or auto-skip; in form fields with a fixed character size, the movement to the next field automatically on completion of the field, used to reduce keystrokes (by avoiding the necessity of tabbing to the next field).Read more »
scrolling that occurs when a user drags outside the visible region, such as when a user is selecting text across multiple pages. Automatic scrolling is any scrolling that occurs without a user having to explicitly scroll using a scrollbar.Read more »
a help facility in Mac OS that displays a speech balloon over widgets and screen regions when the users pause over them. The speech balloon typically contains a title and a short description.
Similar in some ways to tooltips, except…Read more »
a search that allows the user to enter logical expressions including AND, OR, and NOT. This is a common advanced search feature because of its ability to specify desired results very precisely. However, in natural language, “and” is frequently used…Read more »
a technique for analyzing user interaction sequences which looks at times when users are focused on figuring out how to use the system (a “breakdown”) versus times when users are performing their intended tasks.Read more »
a type of slip (a kind of error) where a more frequent and more practiced behavior takes place when a similar, but less familiar, action was intended. Examples include telling someone your home phone number when you intended to give…Read more »
whether an application distinguishes between phrases based on whether the letters are upper case or lower case. If the distinction is relevant, then the system is case-sensitive. Otherwise, it is case-insensitive.
In search engines and in search-and-replace systems, case insensitivity…Read more »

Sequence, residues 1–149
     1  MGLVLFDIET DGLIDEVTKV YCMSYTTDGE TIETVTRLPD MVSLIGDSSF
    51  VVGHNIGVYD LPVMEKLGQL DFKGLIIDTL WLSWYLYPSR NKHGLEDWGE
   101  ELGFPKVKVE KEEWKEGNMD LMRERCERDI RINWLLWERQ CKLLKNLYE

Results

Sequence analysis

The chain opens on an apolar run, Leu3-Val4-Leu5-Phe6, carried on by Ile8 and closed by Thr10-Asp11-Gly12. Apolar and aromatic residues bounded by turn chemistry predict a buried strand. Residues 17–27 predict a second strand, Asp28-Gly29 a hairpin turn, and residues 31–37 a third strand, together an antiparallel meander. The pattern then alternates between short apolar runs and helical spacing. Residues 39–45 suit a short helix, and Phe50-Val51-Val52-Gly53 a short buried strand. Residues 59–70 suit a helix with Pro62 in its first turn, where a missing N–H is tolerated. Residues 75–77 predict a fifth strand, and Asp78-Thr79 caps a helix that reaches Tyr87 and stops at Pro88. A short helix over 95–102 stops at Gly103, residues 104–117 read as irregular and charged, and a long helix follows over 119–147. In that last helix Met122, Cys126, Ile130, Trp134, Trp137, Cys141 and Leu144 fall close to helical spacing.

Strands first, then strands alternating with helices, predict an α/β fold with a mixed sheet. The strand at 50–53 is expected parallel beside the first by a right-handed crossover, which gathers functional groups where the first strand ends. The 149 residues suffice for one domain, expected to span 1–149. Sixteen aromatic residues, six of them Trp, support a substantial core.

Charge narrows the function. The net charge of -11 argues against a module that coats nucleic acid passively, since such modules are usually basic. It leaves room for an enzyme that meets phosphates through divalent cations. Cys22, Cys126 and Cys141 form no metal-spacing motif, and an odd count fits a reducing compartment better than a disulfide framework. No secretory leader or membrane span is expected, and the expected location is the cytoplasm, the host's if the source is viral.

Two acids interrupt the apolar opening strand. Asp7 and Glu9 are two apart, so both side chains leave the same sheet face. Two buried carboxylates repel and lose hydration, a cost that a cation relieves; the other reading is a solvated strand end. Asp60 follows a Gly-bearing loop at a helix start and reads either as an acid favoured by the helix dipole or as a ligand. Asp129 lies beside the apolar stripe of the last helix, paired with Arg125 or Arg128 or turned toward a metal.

an input mechanism which requires pushing more than one button simultaneously in different patterns to represent different letters or commands.
“Chording keyboards” allow rapid entry of letters and words which can allow faster typing than conventional keyboards and permits one-handed…Read more »
a principle that users should be able to easily cancel or undo an undesirable operation; essentially the principle of reversibility or forgiveness. Examples include:a Cancel button in dialog boxes an Undo command the ability to terminate an ongoing operation
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the press and release of a button, typically on a mouse, to select or activate the region on the screen that the pointer is currently indicating, for instance, to select an icon or press an on-screen button.Read more »
a means of operating a computer by typing a text command at an on-screen prompt and hitting the Enter or Return key to issue the command. The computer then processes the command, displays whatever output is appropriate, and presents another…Read more »
help systems that are available alongside an application, not overtaking it, so that the user can continue working with the application while referring to the content of the help system. Balloon help and tooltips are examples where the help system…Read more »